Much as South Africa is indeed struggling to deal with these various issues, it must be mentioned that no social phenomenon takes place outside of the bounds of the society within which it arises. Though socio-economic problems may be the root of xenophobia in South Africa, the ordinary man and woman in the street must be taught that poverty can never be used as a justification for depriving another human being of basic human rights. “I assaulted my neighbor because I am hungry and he does not come from my town” is not a reason that can ever be accepted by any right-thinking human being, and yet this reasoning seems to form the backbone of the arguments peddled by those who would seek to justify xenophobia in South Africa. Such arguments are contrary to the spirit and essence of ubuntu, for which Africa in general, and South Africa in particular, is respected worldwide.

One can hardly touch the xenophobia debate in South Africa without having a word of caution for those people who hold leadership positions in the country and whose words carry a lot of weight with ordinary citizens. It is worth noting that at some stage during the clashes in Durban some of the people partaking in the looting and burning of foreign-owned shops and businesses claimed that they were doing so on King Goodwill Zwelithini’s word, a belief which the King and his advisors were quick to claim was wrongly derived from his true words and intent. Whatever the King’s true intentions, further comments by Edward Zuma only served to pour more fuel onto an already volatile situation. Perhaps the leadership would do well to remind itself that some of history’s greatest humanitarian crises started with words. Adolf Hitler used his words to whip up nationalistic fervor and pride, leading to the Second World War and the loss of countless millions of lives and untold trillions in destruction. In more recent times, the Rwandan genocide saw about 800,000 people lose their lives in the space of 100 days. It also started with carelessly uttered words of hate by public figures. If we ignore the lessons taught to us by history, we are bound to make the same mistakes that caused so much sorrow to so many people.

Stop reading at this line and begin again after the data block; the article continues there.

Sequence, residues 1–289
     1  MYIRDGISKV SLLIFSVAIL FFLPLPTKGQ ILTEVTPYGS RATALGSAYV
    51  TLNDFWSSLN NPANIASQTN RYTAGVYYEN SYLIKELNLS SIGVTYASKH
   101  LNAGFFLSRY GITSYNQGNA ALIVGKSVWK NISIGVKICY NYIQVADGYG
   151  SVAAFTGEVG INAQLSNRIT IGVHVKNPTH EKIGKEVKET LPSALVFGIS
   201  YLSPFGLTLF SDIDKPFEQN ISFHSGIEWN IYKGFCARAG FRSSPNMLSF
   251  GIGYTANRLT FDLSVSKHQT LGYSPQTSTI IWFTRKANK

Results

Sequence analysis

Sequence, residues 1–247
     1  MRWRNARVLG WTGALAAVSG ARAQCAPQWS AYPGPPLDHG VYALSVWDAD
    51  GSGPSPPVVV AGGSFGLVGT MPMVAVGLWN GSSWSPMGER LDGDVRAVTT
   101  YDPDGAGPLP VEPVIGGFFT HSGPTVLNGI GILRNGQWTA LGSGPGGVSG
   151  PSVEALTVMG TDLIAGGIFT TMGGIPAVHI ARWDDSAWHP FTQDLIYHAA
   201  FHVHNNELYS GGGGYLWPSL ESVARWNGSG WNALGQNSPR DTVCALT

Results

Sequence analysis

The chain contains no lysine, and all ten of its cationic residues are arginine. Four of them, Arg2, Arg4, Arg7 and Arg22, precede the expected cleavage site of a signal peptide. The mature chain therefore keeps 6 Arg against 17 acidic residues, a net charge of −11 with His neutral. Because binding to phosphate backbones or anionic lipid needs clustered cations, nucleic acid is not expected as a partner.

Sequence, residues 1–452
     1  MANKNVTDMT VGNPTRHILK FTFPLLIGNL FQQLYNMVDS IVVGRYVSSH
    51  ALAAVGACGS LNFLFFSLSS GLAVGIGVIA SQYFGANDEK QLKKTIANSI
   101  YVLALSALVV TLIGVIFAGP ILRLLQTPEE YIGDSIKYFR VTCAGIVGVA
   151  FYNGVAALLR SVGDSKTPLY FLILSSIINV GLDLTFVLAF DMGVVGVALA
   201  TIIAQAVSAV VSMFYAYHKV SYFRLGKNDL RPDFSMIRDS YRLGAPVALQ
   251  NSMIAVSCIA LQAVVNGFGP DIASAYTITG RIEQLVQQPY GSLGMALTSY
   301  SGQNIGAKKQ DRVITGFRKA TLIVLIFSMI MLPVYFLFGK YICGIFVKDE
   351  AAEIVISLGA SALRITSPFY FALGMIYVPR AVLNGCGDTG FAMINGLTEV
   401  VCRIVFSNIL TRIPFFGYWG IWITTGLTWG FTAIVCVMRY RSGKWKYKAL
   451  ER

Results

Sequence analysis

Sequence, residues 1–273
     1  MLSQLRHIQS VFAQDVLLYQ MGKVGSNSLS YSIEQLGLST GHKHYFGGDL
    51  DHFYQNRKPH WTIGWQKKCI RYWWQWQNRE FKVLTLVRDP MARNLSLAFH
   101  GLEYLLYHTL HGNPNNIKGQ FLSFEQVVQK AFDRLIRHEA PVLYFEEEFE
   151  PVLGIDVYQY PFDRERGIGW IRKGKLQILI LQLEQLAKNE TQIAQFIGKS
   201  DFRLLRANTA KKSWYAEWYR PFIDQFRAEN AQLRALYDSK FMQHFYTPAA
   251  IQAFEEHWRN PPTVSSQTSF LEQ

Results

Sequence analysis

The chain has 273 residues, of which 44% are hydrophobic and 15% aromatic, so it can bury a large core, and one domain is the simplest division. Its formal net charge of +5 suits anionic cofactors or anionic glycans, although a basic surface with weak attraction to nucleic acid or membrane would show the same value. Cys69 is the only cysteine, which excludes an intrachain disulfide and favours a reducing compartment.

The people of South Africa are, in the main, a good people at heart — as evidenced by the outpouring of support and help for displaced foreigners during the recent troubles, as well as the condemnation of the violence. However, more needs to be done to educate ordinary South Africans that violence against an outsider is not the solution to poverty, because it will not solve anything. That being said, the xenophobia debate in South Africa should not be considered independent of its root cause, poverty, as only by addressing this issue will South Africa and all who reside within it be free to attain the peace and prosperity that this great nation so richly deserves.

Frank Acheampong

About Frank Acheampong

Frank W. Acheampong read law at the National University of Lesotho, spent a brief period with the University of Swaziland, and finished his studies at the Nelson Mandela Metropolitan University in Port Elizabeth. Frank accumulated trial practice experience at the firm G. G. Nthethe & Co in Lesotho before moving to South Africa, where he worked at the Missionvale Law Clinic in Port Elizabeth. He then took up project management after acquiring an interest in the legalities and machinations of the construction industry.